Extended Historical Stream Flows in the Boulder Creek Watershed

By Lee Rozaklis, Hydrosphere Resource Consultants, Inc.

The above graph shows the combined natural flows of the Boulder Creek watershed's three principal streams - South Boulder Creek at Eldorado (SBC), Middle Boulder Creek at Nederland (MBC) and North Boulder Creek at Silver Lake (NBC) - over the period of 1703 through 1987.

These flows are based upon reconstructed flow data for MBC, derived from tree ring data by Dr. Connie A. Woodhouse (Institute of Arctic and Alpine Research, University of Colorado). The reconstructed MBC flow data were extended to the other two locations using correlation studies. This work was done by Hydrosphere as part of an ongoing project for the City of Boulder.

It should be noted that the graph shows only reconstructed flows and does not reflect actual recorded flows for the more recent period of recorded history (generally 1906 onward). This was done in order to illustrate the relative magnitude of low flow periods over the entire 285- year sequence in a correct manner. Thus, while the graph does not accurately depict actual flows during the 1953-1956 drought (they were lower than shown), it does accurately compare the relative severity of the 1950s drought to other droughts as evidenced by the tree ring data.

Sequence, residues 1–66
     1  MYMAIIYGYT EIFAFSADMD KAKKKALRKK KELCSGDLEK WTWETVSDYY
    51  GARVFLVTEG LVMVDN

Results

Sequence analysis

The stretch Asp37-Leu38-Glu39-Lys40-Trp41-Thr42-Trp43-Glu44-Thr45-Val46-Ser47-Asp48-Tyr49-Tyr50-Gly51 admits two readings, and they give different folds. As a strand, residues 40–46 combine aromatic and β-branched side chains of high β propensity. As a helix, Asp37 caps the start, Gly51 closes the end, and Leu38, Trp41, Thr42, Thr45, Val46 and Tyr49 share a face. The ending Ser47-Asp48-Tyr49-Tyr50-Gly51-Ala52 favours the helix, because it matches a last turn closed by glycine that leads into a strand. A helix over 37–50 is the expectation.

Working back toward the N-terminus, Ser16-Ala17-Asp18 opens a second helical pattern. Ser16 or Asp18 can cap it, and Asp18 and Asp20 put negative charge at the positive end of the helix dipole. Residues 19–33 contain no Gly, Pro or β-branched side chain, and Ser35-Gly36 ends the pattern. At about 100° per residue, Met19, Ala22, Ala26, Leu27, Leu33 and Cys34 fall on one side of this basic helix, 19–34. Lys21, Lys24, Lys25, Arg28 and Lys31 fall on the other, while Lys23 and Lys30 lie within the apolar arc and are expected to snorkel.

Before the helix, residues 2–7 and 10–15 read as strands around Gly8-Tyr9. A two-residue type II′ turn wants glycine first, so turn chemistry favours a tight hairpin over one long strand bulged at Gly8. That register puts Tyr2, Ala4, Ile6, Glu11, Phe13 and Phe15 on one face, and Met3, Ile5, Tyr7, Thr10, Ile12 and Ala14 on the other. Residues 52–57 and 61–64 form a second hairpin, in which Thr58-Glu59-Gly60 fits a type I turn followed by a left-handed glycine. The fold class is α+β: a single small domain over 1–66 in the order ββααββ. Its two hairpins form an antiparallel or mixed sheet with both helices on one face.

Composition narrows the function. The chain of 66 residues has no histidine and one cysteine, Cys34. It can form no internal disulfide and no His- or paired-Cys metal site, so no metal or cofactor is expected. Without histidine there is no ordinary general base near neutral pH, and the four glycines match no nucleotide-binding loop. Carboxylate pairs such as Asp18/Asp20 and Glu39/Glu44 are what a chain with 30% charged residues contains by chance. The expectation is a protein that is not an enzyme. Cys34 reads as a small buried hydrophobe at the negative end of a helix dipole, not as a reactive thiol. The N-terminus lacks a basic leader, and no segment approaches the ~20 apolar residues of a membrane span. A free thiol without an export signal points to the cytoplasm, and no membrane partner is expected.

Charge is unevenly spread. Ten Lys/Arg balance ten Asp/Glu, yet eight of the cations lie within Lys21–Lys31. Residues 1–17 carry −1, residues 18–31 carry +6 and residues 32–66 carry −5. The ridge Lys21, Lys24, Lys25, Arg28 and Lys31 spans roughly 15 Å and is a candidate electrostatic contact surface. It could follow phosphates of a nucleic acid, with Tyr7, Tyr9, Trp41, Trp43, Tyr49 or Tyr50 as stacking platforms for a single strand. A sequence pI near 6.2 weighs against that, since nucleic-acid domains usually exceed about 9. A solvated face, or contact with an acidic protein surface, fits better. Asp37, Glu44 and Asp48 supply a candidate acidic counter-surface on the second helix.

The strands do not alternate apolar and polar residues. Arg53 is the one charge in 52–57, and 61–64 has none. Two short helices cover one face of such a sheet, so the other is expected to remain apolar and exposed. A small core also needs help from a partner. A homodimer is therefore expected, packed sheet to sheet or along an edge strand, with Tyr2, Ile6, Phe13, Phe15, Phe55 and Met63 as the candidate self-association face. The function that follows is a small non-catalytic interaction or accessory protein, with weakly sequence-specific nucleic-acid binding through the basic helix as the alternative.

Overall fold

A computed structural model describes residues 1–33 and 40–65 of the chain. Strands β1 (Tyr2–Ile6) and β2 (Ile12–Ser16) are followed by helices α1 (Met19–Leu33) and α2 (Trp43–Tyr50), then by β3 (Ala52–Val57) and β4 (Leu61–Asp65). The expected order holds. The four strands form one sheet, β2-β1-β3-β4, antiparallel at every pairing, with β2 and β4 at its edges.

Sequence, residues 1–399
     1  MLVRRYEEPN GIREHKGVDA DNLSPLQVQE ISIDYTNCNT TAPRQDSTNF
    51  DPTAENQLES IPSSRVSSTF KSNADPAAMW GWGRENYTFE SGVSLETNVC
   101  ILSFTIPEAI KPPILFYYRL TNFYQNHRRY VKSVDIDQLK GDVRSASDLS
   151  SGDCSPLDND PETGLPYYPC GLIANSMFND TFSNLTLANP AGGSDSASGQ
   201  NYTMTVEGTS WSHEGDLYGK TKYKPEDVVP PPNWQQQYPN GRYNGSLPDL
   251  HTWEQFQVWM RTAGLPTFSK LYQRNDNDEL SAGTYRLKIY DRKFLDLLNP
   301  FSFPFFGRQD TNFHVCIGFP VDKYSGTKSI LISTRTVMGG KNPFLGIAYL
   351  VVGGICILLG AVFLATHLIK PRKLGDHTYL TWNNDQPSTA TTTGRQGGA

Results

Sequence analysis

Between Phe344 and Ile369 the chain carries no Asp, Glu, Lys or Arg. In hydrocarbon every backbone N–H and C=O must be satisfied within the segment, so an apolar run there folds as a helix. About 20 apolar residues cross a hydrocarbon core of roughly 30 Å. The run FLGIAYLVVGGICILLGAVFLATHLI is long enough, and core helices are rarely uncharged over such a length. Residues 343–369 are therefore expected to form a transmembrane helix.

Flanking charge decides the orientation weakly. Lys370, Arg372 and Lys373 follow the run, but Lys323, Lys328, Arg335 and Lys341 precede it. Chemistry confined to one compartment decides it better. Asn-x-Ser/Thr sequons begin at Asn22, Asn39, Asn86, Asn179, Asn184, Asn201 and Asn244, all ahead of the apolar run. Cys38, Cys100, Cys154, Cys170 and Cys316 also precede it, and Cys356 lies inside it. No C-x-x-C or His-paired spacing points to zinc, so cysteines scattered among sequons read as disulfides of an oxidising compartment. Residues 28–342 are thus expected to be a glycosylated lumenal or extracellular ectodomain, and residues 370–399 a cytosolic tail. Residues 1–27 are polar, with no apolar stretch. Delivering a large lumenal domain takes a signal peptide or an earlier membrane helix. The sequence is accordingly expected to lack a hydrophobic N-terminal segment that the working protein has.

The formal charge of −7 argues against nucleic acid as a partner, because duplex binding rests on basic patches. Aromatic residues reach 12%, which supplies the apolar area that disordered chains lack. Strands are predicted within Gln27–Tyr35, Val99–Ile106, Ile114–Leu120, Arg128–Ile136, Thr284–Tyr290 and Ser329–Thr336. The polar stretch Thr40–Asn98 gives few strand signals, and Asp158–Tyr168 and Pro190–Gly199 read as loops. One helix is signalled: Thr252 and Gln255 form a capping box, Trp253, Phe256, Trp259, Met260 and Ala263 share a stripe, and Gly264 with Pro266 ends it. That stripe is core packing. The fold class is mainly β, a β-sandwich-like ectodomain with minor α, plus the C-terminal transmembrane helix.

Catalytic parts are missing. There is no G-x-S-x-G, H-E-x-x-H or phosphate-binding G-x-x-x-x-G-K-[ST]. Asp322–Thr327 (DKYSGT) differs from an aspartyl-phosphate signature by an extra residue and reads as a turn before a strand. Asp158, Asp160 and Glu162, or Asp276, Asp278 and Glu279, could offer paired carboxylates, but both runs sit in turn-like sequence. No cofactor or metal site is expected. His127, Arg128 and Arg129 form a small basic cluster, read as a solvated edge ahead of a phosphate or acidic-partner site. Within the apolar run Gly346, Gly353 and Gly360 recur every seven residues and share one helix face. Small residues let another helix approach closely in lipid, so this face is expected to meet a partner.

We can therefore confidently infer that the droughts of the 1840s and 1880s were more severe than that of the 1950s in terms of stream flow in the Boulder Creek watershed.

1. 1 The reconstructed MBC flow data were extended to the other two locations by developing linear regression equations that quantified the correlations between recorded gage flows at MBC and calculated natural flows at the other two locations. Hydrosphere Resource Consultants had previously developed natural flow data for SBC and NBC. The correlations between annual flows at MBC and the two other locations are strong, explaining 83% of the variability at SBC and 91% of the variability at NBC. However, the correlations aren't perfect, so we added a random component to each of the regression equations that captures some of the uncertainty. The random component in each equation is equal to the standard deviation of the residuals for that equation times a normally distributed random number with mean of zero and standard deviation of one. This approach mimics the "error" seen in the regression equations and prevents all of the inflows from having perfect correspondence.

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